The reception table on the first floor of the City Hall is the first stop for citizens to get served. Bethlehem City Council met last week to discuss the Skyline West Project among other items. (Zhang/B&W Staff)

Update from City Council: use permit agreements, Skyline West Project


Bethlehem City Council convened earlier this month to discuss items on their agenda, including appointments to several positions, use permit agreements and a follow-up on the Skyline West Project deliberations from Sept. 20

President Michael G. Colón was unable to attend the first half of the meeting on Oct. 4 but later joined via Zoom. 

Vice President Grace Crampsie Smith presided over the meeting. 


Councilwoman Rachel Leon was up for reappointment to the Bethlehem Area Public Library Board. The appointment to this position is effective through January 2025.

Without any discussion among council members, the reappointment was resolved unanimously by the council. 

Bethlehem Mayor J. William Reynolds appointed J. Marc Rittle to the Bethlehem Housing Authority. The appointment to this position is effective through January 2027. 

The reappointment was resolved by the council unanimously and without discussion. 

Use Permit Agreements

City Solicitor John Spirk Jr. had submitted several requests for resolutions regarding use permit agreements. 

The first agreement was for ArtsQuest for the second weekend of Oktoberfest 2022 on Oct. 7-9. The second was for the ArtsQuest Mercy Vegan Pop-Up Event on Oct. 23. 

Both resolutions were passed unanimously. 

Skyline West Project

The most heavily debated issue at the Oct. 4 meeting was the Certificate of Appropriateness for 143 W. Broad St., more widely known as the Skyline West Project.

The resolution had been postponed from the Sept. 20 city council meeting. The project involves constructing a luxury apartment building where a house currently stands. 

On June 19, 2018, Bethlehem City Council approved the demolition of the existing structure at the site, even though the Bethlehem Historic Architectural Review Board recommended against the demolition. 

Bethlehem citizens have expressed concerns that such a building could jeopardize Bethlehem’s chances of becoming a UNESCO World Heritage Site. 

Several members of the community voiced their concerns about approval to move forward on the plans for the Skyline West Project.

Community member Bill Shire said the City of Bethlehem should not do anything that could jeopardize its application to become a World Heritage Site. He suggested the city wait to move forward with Skyline West until the application process for becoming a World Heritage Site has passed. He said this would not negatively affect Bethlehem’s housing, as there are currently plans to build new apartments on the site where the Martin Tower once stood.

Bruce Haines, ‘67, managing partner for Historic Hotel Bethlehem, also said the Skyline West Project should wait. During his public comment, he said the International Council of Monuments and Sites — the organization that would review Bethlehem’s UNESCO application — recommends Heritage Impact Assessments for projects in and around Heritage Sites.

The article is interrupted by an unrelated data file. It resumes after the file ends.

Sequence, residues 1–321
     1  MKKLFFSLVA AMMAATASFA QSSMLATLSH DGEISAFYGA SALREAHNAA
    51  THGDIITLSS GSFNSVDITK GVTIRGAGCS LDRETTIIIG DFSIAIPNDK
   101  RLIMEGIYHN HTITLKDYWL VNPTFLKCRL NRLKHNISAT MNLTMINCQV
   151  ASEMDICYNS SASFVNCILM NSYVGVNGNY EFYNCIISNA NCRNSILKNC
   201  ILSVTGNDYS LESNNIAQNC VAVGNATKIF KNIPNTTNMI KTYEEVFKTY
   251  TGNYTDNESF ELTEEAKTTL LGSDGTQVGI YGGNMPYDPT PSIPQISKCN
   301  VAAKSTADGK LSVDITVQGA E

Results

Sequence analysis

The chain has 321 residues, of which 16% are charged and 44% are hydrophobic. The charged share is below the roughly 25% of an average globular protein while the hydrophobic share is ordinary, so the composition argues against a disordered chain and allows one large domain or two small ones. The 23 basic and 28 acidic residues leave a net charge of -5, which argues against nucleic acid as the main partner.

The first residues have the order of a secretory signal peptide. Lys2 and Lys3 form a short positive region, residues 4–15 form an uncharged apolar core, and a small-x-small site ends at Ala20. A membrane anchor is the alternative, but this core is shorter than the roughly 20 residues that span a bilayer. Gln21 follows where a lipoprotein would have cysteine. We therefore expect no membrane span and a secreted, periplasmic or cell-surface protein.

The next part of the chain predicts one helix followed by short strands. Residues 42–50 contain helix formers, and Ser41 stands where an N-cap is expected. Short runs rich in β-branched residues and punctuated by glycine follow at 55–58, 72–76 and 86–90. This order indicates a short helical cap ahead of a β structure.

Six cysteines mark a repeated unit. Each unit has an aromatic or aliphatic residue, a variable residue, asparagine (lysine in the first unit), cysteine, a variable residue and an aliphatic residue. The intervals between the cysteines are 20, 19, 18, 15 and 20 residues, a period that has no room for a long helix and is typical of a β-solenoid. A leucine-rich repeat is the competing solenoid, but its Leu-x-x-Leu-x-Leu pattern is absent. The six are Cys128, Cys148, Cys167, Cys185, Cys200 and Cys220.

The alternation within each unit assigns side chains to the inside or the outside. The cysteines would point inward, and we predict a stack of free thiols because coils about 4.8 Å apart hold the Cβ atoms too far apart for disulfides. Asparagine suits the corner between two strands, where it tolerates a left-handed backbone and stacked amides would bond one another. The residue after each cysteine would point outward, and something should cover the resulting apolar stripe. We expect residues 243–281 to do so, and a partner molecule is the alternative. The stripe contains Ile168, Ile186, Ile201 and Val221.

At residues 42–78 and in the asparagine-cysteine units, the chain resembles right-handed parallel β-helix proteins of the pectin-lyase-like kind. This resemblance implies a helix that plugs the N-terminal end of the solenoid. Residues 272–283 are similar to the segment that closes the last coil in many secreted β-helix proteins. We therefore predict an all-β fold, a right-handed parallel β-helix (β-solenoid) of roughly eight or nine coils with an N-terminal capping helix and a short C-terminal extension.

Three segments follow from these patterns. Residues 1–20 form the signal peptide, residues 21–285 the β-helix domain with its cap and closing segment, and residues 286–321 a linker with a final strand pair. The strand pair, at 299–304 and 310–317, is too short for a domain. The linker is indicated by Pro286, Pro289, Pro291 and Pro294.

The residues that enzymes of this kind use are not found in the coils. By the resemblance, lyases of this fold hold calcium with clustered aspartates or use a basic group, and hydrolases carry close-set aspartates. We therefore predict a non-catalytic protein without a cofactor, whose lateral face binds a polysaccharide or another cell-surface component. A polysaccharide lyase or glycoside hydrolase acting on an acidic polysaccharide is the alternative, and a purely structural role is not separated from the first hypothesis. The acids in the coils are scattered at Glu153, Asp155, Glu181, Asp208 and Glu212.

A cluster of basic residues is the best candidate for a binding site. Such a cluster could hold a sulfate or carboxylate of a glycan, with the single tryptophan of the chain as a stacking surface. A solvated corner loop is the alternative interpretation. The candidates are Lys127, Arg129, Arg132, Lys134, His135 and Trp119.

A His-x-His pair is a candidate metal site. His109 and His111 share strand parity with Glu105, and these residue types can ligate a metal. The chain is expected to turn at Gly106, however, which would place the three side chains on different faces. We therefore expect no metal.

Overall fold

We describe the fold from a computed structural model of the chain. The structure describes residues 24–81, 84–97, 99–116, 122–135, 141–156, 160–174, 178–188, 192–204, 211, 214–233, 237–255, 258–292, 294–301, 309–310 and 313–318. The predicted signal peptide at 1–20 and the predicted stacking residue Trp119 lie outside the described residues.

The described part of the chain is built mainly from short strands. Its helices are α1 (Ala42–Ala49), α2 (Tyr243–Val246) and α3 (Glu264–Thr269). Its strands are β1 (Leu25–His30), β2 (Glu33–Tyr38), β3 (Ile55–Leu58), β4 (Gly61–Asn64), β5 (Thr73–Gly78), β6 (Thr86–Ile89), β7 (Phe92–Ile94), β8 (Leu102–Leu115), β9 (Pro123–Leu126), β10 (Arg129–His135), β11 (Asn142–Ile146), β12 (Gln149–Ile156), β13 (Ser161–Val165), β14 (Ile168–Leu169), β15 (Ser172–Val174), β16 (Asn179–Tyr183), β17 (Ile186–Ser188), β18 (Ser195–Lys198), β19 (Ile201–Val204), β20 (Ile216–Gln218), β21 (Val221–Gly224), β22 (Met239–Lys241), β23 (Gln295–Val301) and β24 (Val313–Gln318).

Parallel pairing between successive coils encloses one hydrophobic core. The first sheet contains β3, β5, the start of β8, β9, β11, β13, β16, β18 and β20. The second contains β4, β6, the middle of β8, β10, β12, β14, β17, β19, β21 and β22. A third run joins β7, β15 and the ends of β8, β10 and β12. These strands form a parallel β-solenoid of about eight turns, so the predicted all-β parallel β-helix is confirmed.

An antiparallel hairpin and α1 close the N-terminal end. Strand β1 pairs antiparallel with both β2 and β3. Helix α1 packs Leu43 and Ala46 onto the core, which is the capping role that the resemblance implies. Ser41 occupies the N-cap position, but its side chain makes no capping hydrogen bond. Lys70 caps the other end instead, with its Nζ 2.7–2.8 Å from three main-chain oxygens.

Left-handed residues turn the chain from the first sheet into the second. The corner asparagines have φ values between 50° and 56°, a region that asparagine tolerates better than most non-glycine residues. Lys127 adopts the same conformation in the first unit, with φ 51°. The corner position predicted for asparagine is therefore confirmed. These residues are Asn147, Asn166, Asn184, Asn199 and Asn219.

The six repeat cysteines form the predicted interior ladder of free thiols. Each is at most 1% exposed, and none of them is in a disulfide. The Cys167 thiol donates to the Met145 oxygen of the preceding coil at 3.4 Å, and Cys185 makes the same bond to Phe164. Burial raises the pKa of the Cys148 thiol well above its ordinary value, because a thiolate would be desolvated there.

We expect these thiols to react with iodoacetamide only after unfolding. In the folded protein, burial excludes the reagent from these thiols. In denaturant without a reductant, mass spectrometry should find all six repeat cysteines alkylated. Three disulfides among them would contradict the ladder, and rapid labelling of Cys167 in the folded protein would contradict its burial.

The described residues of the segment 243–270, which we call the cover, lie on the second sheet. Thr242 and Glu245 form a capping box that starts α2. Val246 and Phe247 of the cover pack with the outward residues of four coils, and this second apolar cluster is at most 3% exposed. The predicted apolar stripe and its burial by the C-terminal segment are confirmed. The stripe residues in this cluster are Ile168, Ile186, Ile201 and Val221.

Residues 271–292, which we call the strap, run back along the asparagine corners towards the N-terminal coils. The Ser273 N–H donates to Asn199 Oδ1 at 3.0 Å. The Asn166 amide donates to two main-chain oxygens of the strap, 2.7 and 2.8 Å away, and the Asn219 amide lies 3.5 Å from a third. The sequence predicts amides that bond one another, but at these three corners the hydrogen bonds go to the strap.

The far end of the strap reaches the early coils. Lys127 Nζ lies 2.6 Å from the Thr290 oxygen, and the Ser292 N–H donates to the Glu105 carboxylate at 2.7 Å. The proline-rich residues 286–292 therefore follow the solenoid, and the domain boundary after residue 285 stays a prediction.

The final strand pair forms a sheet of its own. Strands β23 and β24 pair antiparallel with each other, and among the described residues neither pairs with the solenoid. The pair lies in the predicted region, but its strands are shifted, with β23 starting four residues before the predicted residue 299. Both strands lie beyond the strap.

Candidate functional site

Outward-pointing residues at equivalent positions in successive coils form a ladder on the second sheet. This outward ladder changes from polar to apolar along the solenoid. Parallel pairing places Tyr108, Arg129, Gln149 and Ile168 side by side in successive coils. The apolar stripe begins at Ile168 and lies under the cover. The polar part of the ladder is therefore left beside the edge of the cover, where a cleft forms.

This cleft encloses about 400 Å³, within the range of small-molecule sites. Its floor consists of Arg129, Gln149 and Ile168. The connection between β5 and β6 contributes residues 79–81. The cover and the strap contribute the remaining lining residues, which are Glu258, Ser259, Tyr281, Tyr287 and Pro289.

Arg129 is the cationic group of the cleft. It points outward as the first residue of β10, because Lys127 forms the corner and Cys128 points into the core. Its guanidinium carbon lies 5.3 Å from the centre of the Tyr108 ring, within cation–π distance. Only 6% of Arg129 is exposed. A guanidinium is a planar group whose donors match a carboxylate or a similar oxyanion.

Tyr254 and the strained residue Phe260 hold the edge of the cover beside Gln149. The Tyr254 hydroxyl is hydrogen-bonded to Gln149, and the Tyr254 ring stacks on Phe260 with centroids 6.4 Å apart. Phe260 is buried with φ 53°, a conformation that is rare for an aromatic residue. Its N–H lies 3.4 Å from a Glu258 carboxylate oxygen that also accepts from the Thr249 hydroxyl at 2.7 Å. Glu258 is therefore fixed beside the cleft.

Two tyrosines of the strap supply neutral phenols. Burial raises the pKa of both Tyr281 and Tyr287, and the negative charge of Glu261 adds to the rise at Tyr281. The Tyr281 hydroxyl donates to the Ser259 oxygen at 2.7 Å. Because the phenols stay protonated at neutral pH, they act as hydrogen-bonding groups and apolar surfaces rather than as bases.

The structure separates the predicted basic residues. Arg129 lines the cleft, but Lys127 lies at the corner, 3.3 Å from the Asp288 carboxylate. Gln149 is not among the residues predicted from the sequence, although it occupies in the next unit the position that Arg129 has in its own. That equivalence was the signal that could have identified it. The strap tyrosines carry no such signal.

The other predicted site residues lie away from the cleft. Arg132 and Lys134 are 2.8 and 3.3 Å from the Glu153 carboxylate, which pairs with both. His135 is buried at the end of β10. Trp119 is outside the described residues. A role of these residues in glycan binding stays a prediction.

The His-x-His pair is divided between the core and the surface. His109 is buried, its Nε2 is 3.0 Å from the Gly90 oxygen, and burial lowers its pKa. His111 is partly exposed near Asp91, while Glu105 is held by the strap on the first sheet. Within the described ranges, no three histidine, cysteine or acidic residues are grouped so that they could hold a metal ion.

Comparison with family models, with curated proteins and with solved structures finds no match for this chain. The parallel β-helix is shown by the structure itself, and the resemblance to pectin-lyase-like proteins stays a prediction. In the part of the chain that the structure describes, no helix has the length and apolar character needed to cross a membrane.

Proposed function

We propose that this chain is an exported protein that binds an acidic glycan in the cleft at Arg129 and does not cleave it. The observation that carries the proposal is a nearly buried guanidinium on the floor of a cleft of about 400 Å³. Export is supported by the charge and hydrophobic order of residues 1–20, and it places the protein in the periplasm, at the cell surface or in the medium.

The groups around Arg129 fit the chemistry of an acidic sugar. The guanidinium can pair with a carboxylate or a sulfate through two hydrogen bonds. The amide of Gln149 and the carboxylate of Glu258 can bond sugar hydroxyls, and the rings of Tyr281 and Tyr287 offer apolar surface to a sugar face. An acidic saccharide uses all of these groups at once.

“When you have the body that is going to come and inspect and determine whether we are qualified to be on the World Heritage list recommending that any project in the buffer zone or in the district go through a Heritage Impact Assessment, I don’t understand why we wouldn’t want to do that,” Haines said. 

The councilmembers discussed at length before voting on the resolution. 

In a public comment, councilmember Paige Van Wirt addressed why she voted against the architectural review board in 2018. 

“I felt it was a good use of a piece of land that was unlikely to be utilized or improved upon or lived on again,” Van Wirt said. 

She said she followed up on her vote and spoke to the individuals heading the UNESCO application, as well as those in city government who would approve permits for the building. Van Wirt also drew attention to a question she had regarding the landscape of the new development. 

In addition to mentioning the replacement of trees lost during construction of the building, Van Wirt also discussed the trees along the Monocacy Creek. She asked if there is a possibility of trees being planted by the developer, providing a natural screen for the new apartment building for viewers in the Industrial Quarter.

Mike Alkhal, director of public works, answered Van Wirt’s question during the meeting and agreed it could be something to be considered and pursued if the property owners along the Monocacy agreed.

Councilmember Hilary Kwiatek said most cities that contain UNESCO World Heritage Sites are modernized and we do not stop feeling the impact of history and heritage because of it. 

In a public comment, councilmember Wandalyn Enix said approving the Certificate of Appropriateness would be “too much of a gamble” for her.

Upon joining the meeting, Colón said he would make sure the Council met throughout the project’s progress to make sure everything was being done according to plan and according to stakeholder interests. 

Ultimately, the resolution passed with a vote of four in favor and three opposed.

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